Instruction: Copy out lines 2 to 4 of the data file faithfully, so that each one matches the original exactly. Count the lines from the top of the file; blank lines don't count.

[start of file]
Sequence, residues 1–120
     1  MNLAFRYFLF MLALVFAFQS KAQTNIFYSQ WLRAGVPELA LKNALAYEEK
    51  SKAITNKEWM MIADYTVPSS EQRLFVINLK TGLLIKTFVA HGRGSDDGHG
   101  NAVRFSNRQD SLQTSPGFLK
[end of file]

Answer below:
     1  MNLAFRYFLF MLALVFAFQS KAQTNIFYSQ WLRAGVPELA LKNALAYEEK
    51  SKAITNKEWM MIADYTVPSS EQRLFVINLK TGLLIKTFVA HGRGSDDGHG
   101  NAVRFSNRQD SLQTSPGFLK